We Have Discovered Spherules from the Path of the First Recognized Interstellar Meteor, IM1

Avi Loeb
5 min readJun 21, 2023

Diary of an Interstellar Voyage, Report 20 (June 21, 2023)

Spherules showing up on the microscope image of magnetic particles from Run 8 along the most likely path of IM1.

Jeff Wynn ran down the stairs to tell me: “Ryan Weed found a spherule under the microscope.” I ran up the stairs and saw the image of a spherule, 0.3 millimeter in size, looking like a metallic pearl on the background of volcanic ash. It felt like finding an ant in the kitchen. When you find one, you know that there must be many more. Indeed, I could find many more metallic spheres in the same microscope image.

I congratulated the team for the discovery and urged Ryan to immediately place the spherule in the X-ray Fluorescence analyzer to get its composition. We found a composition of mostly iron with some magnesium and titanium but no nickel. This composition is anomalous compared to human-made alloys, known asteroids and familiar astrophysical sources.

Discovering spherules in microscope images of magnetic particles collected along IM1’s path and analyzing their anomalous composition. From the right: Jeff Wynn, Ryan Weed and Avi Loeb.

The spherule was magnetic and separated by a filter with a comparable mesh size, so potentially there might be many more spherules in the residue that contains smaller particles. It was collected in Run 8 that went along the upper envelope of the most likely path for IM1 based on the analysis of seismometer data in a paper that I wrote with Amir Siraj three months ago.

The first spherule was retrieved from Run 8 (thin yellow line) where the magnetic sled went along the upper envelope of the most likely path for IM1 (thick orange line).

Coincidentally, Amir arrived at Silver Star just when the spherule discovery was made. This provided perfect timing for Amir to get engaged in finding many more spherules of different sizes and surveying the literature for how anomalous their composition is.

The magnetic nature of the spherules implies that we do not need the sluicing device and can continue using the magnetic sled for the coming week. Finding more spherules will allow us to pinpoint the meteor path and potentially seek a large object that may represent its core at the end of the path. If such an object is retrieved, its structure could inform us of its technological purpose and design.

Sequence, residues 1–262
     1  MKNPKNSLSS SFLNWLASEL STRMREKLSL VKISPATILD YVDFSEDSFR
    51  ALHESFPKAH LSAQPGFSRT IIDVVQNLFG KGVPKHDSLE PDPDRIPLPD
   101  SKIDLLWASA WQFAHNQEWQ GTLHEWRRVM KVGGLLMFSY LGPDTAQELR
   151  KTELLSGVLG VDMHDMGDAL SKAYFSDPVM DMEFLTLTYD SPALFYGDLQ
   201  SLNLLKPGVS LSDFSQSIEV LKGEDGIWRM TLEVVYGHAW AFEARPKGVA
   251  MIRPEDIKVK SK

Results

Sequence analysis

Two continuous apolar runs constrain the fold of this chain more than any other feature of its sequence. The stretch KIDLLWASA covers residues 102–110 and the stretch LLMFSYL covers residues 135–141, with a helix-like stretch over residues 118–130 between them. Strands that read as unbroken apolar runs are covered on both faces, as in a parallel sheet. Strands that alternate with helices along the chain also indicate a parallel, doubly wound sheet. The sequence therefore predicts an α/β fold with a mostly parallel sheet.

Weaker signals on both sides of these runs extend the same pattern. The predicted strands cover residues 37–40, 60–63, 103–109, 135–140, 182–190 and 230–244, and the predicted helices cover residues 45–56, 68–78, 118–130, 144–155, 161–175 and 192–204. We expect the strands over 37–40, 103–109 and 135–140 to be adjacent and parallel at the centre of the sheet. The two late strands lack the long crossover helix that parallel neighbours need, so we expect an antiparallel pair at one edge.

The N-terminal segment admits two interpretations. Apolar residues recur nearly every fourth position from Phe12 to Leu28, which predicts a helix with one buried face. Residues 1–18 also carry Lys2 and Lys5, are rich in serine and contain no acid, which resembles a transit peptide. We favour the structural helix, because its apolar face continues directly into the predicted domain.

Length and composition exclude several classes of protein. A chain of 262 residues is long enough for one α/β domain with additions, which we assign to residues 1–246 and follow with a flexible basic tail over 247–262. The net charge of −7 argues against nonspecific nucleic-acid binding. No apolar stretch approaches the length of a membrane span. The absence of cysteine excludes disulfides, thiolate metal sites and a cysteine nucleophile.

The metallic pearl-looking spherules are embedded in the volcanic ash and so our goal from now on is to retrieve all the magnetic material available on the sled magnets in the form of black powder and then identify the metallic pearls and separate them with tweezers. Ryan Weed, Jeff Wynn, Charles Hoskinson, J.J. Siler and Amir Siraj are all engaged in this effort.

Proving that we can get the magnetic sled on the ocean floor allowed us to do it again and again and find materials from IM1’s fireball site. Proving that we can retrieve the first spherule from that material allows us now to do it again and again and find a large number of spherules from IM1 in a consistent and systematic fashion.

We are now on our way back to IM1’s crash site in an attempt to retrieve as many spherules as possible. With a large enough sample, we can obtain a gamma-ray spectrum that will characterize its radioactive elements and potentially date the sample. Constraining the travel time might allow us to identify the distance and direction of its source star given its known velocity. Our preliminary analysis implies that the composition of mostly iron with a tenth of that in magnesium and some titanium does not resemble known human-made alloys or familiar asteroids.

The fundamental question is obvious: was this first recognized interstellar object from 2014 manufactured by a technological civilization? Upon our return, we could produce an alloy in the laboratory that has the same composition as we infer for the spherules and analyze the resulting material properties.

I secured space to store all the retrieved materials at the Harvard College Observatory, and analyze its elemental and isotopic composition with state-of-the-art diagnostics. My daughter, Lotem, who was just admitted to Harvard College, will take part in this analysis as a summer intern.

Before I left Harvard, one of my colleagues whispered: “Many people here argue that you are wasting your time in leading a hopeless expedition to the Pacific Ocean, but although I agree that the chance for success is small — I hold the opinion that the search might be just worth trying.”

As the philosopher Arthur Schopenhauer noted: “All truth passes through three stages: First, it is ridiculed; second, it is violently opposed; and third, it is accepted as self-evident.”

Gladly, the discovery of IM1 spherules of anomalous composition moves the discussion to the third stage. Given that, some colleagues might add another stage: “… and fourth, I said it first.”


Avi Loeb is the head of the Galileo Project, founding director of Harvard University’s — Black Hole Initiative, director of the Institute for Theory and Computation at the Harvard-Smithsonian Center for Astrophysics, and the former chair of the astronomy department at Harvard University (2011–2020). He chairs the advisory board for the Breakthrough Starshot project, and is a former member of the President’s Council of Advisors on Science and Technology and a former chair of the Board on Physics and Astronomy of the National Academies. He is the bestselling author of “Extraterrestrial: The First Sign of Intelligent Life Beyond Earth” and a co-author of the textbook “Life in the Cosmos”, both published in 2021. His new book, titled “Interstellar”, is scheduled for publication in August 2023.



Avi Loeb

Avi Loeb is the Baird Professor of Science and Institute director at Harvard University and the bestselling author of “Extraterrestrial” and "Interstellar".